Now, let’s write a query. Once well, once poorly. Second verse, same as the first.

FROM dbo.Comments AS c
    c.Score DESC;

FROM dbo.Comments AS c
    ISNULL(c.Score, 0) DESC;

The plan for the first one! Yay!


Look at those goose eggs. Goose Gossage. Nolan Ryan.

The plan for the second one is far less successful.

trashy vampire

We’ve done our query a great disservice.

Not Okay

Grouping queries, depending on scope, can also suffer from this. This example isn’t as drastic, but it’s a simple query that still exhibits as decent comparative difference.

FROM dbo.Comments AS c
    COUNT_BIG(*) < 0;

    ISNULL(c.Score, 0) AS Score
FROM dbo.Comments AS c
    ISNULL(c.Score, 0)
    COUNT_BIG(*) < 0;

To get you back to drinking, here’s both plans.

the opposite of fur

We have, once again, created more work for ourselves. Purely out of vanity.


Put yourself in SQL Server’s place here. Maybe the optimizer, maybe the storage engine. Whatever.

If you had to do this work, how would you prefer to do it? Even though I think ISNULL should have better support, it applies to every other function too.

Would you rather:

  • Process data in the order an index presents it and group/order it
  • Process data by applying some additional calculation to it and then grouping/ordering

That’s what I thought.

Thanks for reading!


Secret Agent Plan

My dislike for implicit transactions is well documented. Recently, while working with a client, I noticed that they had a bunch of them causing blocking.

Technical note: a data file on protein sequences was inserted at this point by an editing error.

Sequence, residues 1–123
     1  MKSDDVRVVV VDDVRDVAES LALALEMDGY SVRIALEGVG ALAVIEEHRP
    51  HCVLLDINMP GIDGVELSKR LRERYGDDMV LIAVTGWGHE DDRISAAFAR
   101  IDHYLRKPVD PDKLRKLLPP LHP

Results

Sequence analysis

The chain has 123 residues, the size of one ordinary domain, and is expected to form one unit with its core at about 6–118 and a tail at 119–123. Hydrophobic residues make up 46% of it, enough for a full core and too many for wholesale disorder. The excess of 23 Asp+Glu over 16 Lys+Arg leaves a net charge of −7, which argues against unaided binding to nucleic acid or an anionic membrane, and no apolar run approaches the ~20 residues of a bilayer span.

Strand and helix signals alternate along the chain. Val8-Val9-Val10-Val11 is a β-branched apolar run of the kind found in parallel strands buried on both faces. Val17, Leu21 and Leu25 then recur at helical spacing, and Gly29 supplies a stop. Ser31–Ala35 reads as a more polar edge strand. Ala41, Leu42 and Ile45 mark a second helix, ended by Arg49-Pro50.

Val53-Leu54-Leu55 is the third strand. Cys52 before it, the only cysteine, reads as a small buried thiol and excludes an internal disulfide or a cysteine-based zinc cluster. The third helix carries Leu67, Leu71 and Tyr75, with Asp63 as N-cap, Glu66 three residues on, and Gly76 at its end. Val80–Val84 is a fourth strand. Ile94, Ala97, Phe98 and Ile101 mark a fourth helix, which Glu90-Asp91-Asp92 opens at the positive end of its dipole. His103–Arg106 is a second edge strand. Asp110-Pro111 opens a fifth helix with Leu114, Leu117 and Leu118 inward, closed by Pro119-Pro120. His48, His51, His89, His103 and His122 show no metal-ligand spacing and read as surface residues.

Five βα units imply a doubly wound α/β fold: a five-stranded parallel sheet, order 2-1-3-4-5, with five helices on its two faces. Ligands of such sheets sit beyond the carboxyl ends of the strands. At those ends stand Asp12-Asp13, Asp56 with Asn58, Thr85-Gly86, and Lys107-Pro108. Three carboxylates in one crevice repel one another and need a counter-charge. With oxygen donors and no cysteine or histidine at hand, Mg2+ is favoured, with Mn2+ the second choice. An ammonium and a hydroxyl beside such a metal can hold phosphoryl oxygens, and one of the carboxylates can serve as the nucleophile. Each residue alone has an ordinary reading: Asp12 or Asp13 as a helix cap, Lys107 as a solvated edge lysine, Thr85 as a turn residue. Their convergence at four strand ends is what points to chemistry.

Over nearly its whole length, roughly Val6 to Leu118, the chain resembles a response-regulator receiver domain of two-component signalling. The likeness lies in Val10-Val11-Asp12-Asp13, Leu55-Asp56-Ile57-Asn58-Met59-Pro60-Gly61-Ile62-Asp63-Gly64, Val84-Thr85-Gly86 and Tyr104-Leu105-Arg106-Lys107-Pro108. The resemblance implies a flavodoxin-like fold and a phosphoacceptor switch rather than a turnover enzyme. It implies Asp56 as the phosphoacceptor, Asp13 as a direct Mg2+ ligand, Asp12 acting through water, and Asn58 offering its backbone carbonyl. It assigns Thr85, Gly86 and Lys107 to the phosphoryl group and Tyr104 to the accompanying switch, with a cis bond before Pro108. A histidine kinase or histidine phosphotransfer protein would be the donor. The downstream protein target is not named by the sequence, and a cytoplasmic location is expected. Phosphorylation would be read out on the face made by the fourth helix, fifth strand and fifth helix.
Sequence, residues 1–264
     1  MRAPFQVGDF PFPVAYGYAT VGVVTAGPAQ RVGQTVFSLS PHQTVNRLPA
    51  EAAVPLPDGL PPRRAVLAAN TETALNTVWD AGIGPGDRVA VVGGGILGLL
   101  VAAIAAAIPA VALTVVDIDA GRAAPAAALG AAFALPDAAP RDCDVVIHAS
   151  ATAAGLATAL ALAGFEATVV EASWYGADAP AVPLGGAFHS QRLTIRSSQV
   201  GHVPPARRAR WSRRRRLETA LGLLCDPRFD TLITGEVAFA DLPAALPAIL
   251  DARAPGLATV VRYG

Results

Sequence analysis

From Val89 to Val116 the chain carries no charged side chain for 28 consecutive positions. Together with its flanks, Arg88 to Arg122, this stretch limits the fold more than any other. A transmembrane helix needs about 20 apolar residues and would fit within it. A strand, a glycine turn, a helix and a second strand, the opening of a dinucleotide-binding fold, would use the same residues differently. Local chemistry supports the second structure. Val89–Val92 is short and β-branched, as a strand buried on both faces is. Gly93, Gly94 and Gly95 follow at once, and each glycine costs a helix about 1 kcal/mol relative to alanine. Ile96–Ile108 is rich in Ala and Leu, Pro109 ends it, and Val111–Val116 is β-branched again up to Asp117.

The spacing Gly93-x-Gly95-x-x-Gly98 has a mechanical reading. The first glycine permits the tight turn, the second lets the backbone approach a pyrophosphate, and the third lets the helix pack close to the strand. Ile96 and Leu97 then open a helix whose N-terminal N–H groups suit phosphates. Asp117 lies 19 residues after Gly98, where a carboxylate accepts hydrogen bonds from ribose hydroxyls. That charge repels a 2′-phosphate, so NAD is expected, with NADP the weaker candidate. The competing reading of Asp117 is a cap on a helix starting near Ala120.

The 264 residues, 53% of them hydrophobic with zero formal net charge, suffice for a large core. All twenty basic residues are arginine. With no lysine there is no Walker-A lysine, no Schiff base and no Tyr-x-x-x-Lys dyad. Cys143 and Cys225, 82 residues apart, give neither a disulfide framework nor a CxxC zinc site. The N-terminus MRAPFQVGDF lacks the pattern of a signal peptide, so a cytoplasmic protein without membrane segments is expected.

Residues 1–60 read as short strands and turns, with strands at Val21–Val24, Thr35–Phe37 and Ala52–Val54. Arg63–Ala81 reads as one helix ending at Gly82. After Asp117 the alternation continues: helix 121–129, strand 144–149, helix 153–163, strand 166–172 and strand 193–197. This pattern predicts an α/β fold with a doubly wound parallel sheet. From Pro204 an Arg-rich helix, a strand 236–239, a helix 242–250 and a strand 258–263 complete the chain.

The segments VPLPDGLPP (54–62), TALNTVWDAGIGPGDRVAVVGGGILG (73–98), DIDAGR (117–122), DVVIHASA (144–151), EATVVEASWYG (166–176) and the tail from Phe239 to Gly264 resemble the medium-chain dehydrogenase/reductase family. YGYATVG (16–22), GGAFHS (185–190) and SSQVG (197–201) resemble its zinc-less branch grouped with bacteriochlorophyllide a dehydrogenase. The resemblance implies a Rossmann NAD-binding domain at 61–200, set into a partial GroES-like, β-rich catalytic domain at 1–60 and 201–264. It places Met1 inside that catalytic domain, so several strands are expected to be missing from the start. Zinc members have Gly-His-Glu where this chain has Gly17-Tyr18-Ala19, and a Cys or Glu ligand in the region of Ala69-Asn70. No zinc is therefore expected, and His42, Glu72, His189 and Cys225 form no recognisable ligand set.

Digging in a little bit further, I noticed they were all coming from an Agent Job. Of course, by default, Agent runs with a bunch of wacked-out ANSI options.

To get the job to perform better — which it did — it had to make use of a filtered index on an archival task. If you scroll way down in that doc, you’ll see a note:

Review the required SET options for filtered index creation in CREATE INDEX (Transact-SQL) syntax

In order to create, or have queries use your filtered index, they need to have very specific options set correctly.


Rather than just setting the required options, which was apparently a lot of typing, someone had just set all the ANSI defaults on.


But this comes with some additional baggage, in the form of implicit transactions. If you run DBCC USEROPTIONS; with that turned on:

Set Option              Value
----------------------- --------------
textsize                2147483647
language                us_english
dateformat              mdy
datefirst               7
statistics XML          SET
lock_timeout            -1
quoted_identifier       SET
arithabort              SET
ansi_null_dflt_on       SET
ansi_defaults           SET
ansi_warnings           SET
ansi_padding            SET
ansi_nulls              SET
concat_null_yields_null SET
cursor_close_on_commit  SET
implicit_transactions   SET <---- UwU what's this
isolation level         read committed

It sets all the things you actually need, plus a couple other options for implicit transactions and cursor close on commit.


Of course, had someone just done a bit more typing, all would have been well and good.


Using SET ANSI_DEFAULTS OFF;is equally disappointing, sort of.

Set Option              Value
----------------------- --------------
textsize                2147483647
language                us_english
dateformat              mdy
datefirst               7
lock_timeout            -1
arithabort              SET
concat_null_yields_null SET
isolation level         read committed

It really does just flip everything off. Not that I’m saying it shouldn’t — but maybe we need a command in between?


Whatever “normal” means.

Thanks for reading!

Documentation for dm_db_missing_index_group_stats_query

No, It’s New